The MET oncogene encodes the tyrosine kinase receptor for hepatocyte growth factor/scatter factor (HGF), known to stimulate invasive growth of epithelial cells. MET is overexpressed in a significant percentage of human cancers and is amplified during the transition between primary tumors and metastasis. To investigate whether this oncogene is directly responsible for the acquisition of the metastatic phenotype, we exploited a single-hit oncogenic version of MET, able to transform and to confer invasive and metastatic properties to nontumorigenic cells, both in vitro and in nude mice. We mutagenized the signal transducer docking site of Met (Y1349VHVX3Y1356VNV), which has the uncommon property of binding and activating multiple src homology region 2 (SH2)-containing intracellular effectors. Notably, a point mutation (H1351 → N) increased the transforming ability of the oncogene but abolished its metastatic potential. This mutation duplicates the Grb2 binding site, super-activating the Ras pathway and preventing the binding of the other intracellular transducers. Complementation in trans with another nonmetastatic mutant (N1358 → H), recruiting all the transducers downstream to Met except Grb2, rescued the invasive-metastatic phenotype. It is concluded that the metastatic potential of the MET oncogene relies on the properties of its multifunctional docking site, and that a single point mutation affecting signal transduction can dissociate neoplastic transformation from metastasis.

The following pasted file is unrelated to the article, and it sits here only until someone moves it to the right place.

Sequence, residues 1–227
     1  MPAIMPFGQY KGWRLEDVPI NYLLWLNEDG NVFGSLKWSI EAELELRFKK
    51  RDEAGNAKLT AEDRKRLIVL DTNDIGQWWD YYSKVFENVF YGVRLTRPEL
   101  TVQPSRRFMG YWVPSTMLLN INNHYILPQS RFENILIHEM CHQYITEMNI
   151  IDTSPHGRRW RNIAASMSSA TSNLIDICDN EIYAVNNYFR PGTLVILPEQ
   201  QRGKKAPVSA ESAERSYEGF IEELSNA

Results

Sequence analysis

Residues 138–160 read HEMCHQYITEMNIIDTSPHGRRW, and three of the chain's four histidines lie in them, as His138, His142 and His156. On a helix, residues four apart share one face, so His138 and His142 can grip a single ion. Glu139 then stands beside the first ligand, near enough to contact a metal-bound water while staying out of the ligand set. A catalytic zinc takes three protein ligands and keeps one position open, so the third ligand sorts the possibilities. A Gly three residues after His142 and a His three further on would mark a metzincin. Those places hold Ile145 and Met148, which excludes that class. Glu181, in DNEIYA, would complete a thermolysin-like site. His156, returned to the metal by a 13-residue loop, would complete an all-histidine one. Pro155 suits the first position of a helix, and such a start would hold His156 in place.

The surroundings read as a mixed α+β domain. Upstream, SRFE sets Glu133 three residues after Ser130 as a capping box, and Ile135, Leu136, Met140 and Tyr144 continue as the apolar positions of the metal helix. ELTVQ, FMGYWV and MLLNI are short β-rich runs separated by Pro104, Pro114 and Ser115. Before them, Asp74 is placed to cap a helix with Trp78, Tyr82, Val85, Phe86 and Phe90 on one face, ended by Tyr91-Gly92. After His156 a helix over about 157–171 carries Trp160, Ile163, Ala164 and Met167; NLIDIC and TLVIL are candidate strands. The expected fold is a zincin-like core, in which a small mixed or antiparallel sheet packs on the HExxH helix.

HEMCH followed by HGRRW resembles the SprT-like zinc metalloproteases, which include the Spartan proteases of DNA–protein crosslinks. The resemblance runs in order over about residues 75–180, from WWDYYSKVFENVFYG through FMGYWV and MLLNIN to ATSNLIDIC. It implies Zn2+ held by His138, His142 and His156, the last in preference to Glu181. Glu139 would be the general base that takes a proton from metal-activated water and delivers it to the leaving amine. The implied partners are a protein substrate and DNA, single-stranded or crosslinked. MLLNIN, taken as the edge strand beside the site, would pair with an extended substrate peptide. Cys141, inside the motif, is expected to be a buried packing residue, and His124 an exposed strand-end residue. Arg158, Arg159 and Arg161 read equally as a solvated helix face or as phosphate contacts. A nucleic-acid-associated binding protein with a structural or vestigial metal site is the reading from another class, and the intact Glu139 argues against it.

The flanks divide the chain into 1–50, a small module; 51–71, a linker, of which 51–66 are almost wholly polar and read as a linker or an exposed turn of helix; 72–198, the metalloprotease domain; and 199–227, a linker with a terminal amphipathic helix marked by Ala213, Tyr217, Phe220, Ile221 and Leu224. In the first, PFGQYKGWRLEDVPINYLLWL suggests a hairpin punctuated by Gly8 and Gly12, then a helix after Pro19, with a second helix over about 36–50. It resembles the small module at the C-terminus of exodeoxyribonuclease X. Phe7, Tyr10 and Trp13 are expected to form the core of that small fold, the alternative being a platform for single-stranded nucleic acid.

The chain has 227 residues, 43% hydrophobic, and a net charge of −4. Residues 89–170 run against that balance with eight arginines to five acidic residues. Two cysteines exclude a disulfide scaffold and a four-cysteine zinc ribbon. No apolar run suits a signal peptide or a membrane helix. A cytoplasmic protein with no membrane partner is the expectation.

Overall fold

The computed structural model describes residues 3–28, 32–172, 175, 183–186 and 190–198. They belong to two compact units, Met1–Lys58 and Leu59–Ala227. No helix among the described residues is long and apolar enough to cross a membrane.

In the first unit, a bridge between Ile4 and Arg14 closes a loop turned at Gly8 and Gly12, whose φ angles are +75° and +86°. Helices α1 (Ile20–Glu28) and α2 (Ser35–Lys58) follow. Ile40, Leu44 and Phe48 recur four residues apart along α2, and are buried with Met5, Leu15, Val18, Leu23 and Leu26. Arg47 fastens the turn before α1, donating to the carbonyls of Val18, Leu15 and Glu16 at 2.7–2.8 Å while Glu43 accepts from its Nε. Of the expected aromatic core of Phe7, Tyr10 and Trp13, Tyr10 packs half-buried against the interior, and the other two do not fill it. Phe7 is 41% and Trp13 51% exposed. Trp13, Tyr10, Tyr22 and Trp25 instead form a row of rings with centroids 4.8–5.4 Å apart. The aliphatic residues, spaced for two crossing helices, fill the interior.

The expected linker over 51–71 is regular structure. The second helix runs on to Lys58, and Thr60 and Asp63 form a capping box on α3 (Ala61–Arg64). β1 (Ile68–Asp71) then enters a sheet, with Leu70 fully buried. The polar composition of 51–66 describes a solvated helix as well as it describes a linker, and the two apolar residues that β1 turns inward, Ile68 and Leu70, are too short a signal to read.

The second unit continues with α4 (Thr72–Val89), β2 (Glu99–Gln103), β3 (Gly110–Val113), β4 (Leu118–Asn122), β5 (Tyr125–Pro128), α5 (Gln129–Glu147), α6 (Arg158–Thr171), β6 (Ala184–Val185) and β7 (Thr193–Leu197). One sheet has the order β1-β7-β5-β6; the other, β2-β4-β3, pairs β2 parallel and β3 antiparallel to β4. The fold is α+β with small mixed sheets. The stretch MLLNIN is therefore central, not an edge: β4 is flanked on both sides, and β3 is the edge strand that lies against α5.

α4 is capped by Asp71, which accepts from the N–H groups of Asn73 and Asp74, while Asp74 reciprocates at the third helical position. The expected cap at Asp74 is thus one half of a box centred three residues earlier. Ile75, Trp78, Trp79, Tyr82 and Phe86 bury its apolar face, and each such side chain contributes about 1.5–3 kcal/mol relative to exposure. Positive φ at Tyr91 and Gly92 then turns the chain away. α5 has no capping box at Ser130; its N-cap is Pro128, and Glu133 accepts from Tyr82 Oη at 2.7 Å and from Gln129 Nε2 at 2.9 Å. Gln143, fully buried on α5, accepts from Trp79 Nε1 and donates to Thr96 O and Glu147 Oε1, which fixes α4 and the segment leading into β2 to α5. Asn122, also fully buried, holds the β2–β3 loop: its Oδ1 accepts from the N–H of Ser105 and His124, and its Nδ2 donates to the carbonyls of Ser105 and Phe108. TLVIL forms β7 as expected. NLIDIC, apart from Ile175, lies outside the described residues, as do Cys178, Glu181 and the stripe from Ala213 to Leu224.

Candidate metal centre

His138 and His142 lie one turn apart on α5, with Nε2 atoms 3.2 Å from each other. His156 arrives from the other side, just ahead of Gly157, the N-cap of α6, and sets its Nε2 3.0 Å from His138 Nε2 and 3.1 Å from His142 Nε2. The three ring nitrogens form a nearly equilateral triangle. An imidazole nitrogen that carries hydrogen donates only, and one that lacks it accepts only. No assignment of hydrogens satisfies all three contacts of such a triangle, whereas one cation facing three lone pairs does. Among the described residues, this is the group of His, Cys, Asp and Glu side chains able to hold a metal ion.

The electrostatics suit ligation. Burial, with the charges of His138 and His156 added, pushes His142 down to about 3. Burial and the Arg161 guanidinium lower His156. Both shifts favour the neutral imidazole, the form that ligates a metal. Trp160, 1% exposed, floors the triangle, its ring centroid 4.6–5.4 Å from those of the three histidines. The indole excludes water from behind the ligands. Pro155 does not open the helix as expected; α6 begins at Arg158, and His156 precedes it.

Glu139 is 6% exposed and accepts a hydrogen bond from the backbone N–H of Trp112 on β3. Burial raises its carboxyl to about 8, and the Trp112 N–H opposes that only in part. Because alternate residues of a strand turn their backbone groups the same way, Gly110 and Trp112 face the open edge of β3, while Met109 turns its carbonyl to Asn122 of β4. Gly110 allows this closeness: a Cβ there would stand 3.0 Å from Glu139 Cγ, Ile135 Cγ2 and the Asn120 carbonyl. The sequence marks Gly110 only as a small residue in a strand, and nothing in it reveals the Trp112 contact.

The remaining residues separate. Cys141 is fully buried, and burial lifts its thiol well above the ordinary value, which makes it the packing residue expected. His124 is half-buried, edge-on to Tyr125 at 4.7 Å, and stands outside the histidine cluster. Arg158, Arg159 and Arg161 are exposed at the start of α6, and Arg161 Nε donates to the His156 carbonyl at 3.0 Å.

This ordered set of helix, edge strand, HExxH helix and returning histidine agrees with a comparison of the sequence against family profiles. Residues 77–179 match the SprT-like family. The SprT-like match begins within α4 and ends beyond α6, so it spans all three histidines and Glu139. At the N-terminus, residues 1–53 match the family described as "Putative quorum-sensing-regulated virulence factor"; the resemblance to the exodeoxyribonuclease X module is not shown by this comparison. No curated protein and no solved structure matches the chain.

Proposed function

|Number of pages||5|
|Journal||Proceedings of the National Academy of Sciences of the United States of America|
|Publication status||Published - Dec 9 1997|
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